Last December, dozens of county workers were killed or injured when gunmen opened fire in a terrorist attack at an office holiday party. As they look back on that event, many of the survivors are still struggling with the shock and trauma as well as suffering physically. To add to the misery, some victims are now learning that certain workers' compensation benefits were not approved because of the system California uses for assessing the kind of care to dispense.
The review process is outsourced to companies contracted by insurance carriers. The companies approve or reject requests for medical care using a uniform set of guidelines. Injured workers and their doctors feel that individualized, common sense treatment is being replaced by mandated rules. This is especially harmful when dealing with mental health issues such as post-traumatic stress.
Some local leaders defend the decisions made by the review process. They explain that many patients did not receive certain treatment or medications they requested -- particularly those for dealing with mental trauma -- because their doctors failed to send the appropriate documentation. County officials in California assured injured workers that they would strive for better communication between physicians and claims adjusters to improve the level of care for injured workers.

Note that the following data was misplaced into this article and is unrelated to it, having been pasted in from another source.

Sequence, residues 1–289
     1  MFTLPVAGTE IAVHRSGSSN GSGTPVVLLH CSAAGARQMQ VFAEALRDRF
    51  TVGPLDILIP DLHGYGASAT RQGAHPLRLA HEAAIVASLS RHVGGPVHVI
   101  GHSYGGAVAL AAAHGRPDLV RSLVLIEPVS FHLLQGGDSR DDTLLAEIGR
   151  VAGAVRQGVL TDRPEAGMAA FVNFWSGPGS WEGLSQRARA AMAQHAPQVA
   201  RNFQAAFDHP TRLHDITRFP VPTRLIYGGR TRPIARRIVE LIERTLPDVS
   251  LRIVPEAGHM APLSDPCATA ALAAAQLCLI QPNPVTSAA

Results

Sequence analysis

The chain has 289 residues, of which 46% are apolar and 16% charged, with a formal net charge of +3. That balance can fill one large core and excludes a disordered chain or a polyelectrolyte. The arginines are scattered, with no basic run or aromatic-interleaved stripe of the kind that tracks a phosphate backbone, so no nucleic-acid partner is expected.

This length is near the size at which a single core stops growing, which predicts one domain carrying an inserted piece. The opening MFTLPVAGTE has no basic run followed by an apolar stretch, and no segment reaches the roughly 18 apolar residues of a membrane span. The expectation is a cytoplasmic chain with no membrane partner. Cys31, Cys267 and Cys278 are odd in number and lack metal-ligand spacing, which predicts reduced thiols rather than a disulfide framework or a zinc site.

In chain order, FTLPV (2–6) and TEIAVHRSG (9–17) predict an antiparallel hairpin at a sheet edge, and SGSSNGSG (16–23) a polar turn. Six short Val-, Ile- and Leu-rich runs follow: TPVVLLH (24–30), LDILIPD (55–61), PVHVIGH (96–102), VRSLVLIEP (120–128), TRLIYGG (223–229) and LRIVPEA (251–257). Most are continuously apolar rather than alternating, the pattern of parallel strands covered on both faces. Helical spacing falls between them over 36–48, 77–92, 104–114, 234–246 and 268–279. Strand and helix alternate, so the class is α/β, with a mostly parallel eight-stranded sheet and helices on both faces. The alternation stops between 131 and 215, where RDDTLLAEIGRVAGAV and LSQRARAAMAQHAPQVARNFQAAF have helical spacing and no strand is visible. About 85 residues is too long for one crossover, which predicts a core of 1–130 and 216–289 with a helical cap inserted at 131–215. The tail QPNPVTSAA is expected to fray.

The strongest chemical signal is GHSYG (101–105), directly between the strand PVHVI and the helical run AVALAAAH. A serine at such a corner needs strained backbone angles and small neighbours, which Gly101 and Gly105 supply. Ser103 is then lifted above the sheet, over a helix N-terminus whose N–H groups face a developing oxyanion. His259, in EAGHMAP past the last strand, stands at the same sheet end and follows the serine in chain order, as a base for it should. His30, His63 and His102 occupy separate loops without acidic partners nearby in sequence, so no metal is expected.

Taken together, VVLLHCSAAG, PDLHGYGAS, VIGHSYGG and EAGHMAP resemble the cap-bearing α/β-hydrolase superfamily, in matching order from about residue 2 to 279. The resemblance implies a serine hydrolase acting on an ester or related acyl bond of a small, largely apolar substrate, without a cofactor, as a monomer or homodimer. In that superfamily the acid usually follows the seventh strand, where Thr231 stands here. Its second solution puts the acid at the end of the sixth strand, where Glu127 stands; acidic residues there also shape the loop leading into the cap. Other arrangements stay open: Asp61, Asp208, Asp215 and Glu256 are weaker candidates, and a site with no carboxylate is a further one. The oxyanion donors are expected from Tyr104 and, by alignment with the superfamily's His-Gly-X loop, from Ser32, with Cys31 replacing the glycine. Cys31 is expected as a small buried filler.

When workers are hurt on the job, either through accidents or third-party injuries, there are avenues they can pursue to get the funds they need for recovery. However, if one's trauma or injury makes it difficult to do the most basic tasks, fighting for workers' compensation benefits may be too overwhelming to imagine. Fortunately, there are experienced attorneys who understand how the insurance business works and who are willing to do the heavy work so the victim can focus on getting well.
Source: NBC Bay Area, "San Bernardino Shooting Survivors Fight for Medical Treatment Workers' Comp Denied", Liz Wagner, Dec. 2, 2016